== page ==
I started reading this article expecting it to be one of those finger-wagging pieces about how the sheeple just like escapism and fancy dresses, and was pleasantly surprised. It has a little
bit of that ("At this moment, what we want from our relationship with a national past is this: to draw the curtains, shut out the noise of the world, and put on a box set. Thinking about Tudor history is, at least in its laziest manifestations, an excellent way of not thinking about history"), but by and large it remains an exploration of why the Tudor story resonates with people:Tudormania: Why Can't We Get Over It?http://www.theguardian.com/news/2016/may/04/tudormania-why-can-we-not-get-over-it
Jessie Childs, a popular historian who has written about the period, said: “The Tudors are very clearly defined for children: you have Henry VII, the battlefield king; then Henry VIII, the tyrant who marries six times; then Edward VI, the boy king; then Lady Jane Grey, the nine days’ queen; then [the Catholic] Mary I who burns 300 people; and then Elizabeth I, the virgin queen. They are like a boyband: each has an identity. If you look at the Plantagenets, on the other hand – people don’t know which is which.”
I bought Jessie Childs' book God's Traitors
ages ago - when it first came out in the States, in fact - but haven't yet found the time to read it…alas. Anyway, the author also speaks to Hilary Mantel, as well as to other historians who want to widen the scope of what we talk about when we talk about the Tudors.
[Edited to add: …huh. I got this link via Twitter, so I went back and clicked on the Twitter handle of the author of the article. It turns out that she wrote Under Another Sky
, a book about Roman Britain that I…appear to have misplaced, actually, but I found a copy of it on sale in a bookstore in York when I was there, which is good because I don't think it was published in the US. But it also
turns out that she wrote This New Noise
, a book about the BBC that I read about a little while ago and wanted to look up. I did not know that these two books were even by the same person!]
Then there's an article on how aspiring actors from farther down the social ladder are increasingly being shut out of the profession in the UK. These have been bubbling up for a few years now; this one takes its starting point from the show The Night Manager
. (I haven't seen it; it will probably go into the bin of "stuff about machinations that I really don't want to watch," along with House of Cards
.) The article also takes a tiny swipe at costume drama, so these two articles wind up being a tiny bit related:Why working-class actors are a disappearing breedhttp://www.theguardian.com/film/2016/may/08/working-class-actors-disappearing-britain-class-privilege-access-posh
And what, you can’t help wondering, is our obsession with period drama all about? Downton, suggests Josie Long, comedian and co-founder of the charity Arts Emergency, “speaks to that certain weird thing that is going on in the UK. Something very repressive that is reflected in our art.”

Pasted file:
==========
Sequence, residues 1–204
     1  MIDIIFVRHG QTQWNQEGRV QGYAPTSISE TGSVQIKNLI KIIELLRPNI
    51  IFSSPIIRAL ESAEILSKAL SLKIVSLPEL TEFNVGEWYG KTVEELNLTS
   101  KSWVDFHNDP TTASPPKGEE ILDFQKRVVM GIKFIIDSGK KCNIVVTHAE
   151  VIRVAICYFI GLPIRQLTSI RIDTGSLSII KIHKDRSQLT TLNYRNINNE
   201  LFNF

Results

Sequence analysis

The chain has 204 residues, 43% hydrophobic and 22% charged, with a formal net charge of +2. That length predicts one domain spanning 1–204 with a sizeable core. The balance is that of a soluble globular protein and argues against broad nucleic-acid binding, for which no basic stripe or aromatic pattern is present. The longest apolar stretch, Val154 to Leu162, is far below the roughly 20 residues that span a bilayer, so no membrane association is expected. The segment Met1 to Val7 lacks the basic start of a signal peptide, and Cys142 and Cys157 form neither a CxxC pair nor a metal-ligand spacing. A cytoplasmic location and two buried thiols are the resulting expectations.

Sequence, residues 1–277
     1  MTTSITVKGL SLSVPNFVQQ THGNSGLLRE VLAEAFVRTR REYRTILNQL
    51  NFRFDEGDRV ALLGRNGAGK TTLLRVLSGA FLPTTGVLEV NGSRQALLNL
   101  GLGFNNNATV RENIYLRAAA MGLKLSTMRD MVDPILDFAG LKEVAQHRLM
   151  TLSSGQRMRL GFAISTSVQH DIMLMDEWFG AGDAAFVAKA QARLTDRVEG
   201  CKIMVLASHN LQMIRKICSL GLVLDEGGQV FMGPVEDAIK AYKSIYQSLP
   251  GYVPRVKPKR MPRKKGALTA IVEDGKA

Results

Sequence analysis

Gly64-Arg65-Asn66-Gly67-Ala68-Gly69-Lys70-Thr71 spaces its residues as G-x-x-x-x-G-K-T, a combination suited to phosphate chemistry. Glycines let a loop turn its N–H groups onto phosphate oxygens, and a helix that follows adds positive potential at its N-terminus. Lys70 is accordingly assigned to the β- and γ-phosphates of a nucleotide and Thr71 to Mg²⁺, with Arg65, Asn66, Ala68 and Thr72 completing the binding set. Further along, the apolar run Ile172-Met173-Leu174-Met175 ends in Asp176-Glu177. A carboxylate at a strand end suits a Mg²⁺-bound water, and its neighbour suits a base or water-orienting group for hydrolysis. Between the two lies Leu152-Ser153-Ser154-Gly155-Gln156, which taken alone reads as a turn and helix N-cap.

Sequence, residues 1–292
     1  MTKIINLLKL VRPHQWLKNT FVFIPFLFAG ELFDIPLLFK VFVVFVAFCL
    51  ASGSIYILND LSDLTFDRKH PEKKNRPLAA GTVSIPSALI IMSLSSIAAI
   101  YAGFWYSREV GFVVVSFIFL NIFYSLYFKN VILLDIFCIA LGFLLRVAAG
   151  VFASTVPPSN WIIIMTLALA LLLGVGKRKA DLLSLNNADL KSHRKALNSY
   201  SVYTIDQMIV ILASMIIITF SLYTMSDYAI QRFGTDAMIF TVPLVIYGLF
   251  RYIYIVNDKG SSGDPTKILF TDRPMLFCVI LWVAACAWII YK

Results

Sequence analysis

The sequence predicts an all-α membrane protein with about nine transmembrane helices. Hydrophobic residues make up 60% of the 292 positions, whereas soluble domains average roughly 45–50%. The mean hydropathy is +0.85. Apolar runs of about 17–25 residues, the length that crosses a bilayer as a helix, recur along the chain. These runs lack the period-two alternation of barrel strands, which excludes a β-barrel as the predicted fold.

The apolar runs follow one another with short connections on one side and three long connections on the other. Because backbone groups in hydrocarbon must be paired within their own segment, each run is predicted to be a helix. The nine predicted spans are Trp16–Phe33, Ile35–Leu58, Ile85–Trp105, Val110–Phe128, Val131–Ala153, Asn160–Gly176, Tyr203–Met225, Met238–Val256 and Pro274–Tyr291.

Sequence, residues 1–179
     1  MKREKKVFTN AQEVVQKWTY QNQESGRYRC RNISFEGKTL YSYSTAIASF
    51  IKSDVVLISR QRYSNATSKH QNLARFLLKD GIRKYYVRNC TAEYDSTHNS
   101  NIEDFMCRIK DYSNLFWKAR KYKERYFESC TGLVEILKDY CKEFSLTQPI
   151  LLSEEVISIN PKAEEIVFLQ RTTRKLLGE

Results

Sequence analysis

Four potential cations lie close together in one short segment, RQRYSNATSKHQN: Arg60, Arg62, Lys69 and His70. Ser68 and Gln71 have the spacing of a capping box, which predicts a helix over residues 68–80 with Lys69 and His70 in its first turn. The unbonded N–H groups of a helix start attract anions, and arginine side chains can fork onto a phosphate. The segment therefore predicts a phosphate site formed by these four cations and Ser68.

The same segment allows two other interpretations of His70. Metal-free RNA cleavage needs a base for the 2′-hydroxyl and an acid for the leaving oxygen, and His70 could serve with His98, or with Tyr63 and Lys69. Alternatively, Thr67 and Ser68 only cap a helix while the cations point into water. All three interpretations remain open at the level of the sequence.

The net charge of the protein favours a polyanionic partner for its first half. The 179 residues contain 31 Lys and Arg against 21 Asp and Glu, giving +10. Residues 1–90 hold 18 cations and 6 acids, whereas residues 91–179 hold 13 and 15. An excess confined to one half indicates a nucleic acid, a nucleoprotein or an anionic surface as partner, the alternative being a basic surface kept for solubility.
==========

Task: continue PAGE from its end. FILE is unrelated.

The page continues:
It’s what happens, she thinks, “when you don’t have different voices coming through”. And “posh fetishisation… posh as aspiration” becomes a defining feature of our culture.
Posh is at the very heart of mainstream viewing, a cornerstone of all TV schedules and a guaranteed seller abroad. The Night Manager is currently being broadcast in America on the cable channel AMC, which contributed a large part of its £18m budget. It’s a vision of Britain that sells.
The piece itself is a more interesting look at this phenomenon than simply "Downton
make drama all posh now." But I'm sure there is some sort of "Downton
effect," even if it is more about making money than having it: just as it's harder to sell comedies internationally because they tend to rely more on specific cultural contexts than action and superhero films, it is probably easier to sell costume dramas and literary adaptations abroad - if only because costume drama tends to assume that you have to explain the historical setting at least a little bit, and that explanation works just as well overseas. It is frustrating, though, to be a fan of costume drama and have it assumed that you must just want to watch posh people lounging about in frocks, as opposed to being interested in fictional explorations of what life was like in the past. I would love to have a wider range of costume drama available - even just getting a show set in the Tudor period that didn't take place at court would feel like Christmas!
That's separate from the main point of the piece, though, which focuses on how hard it is to pay for a place at drama school, and then to find work in the industry if you do. (And as always, don't read the comments: Guardian
articles about the arts are always overrun by people who fling about the word "luvvies" and seem to think no one should ever expect to be paid for art, because it's not a real job like plumbing. One wonders whether these people watch TV or movies, or listen to music, and what they think would happen to their own lives if we made it impossible for people to make a living while making art.)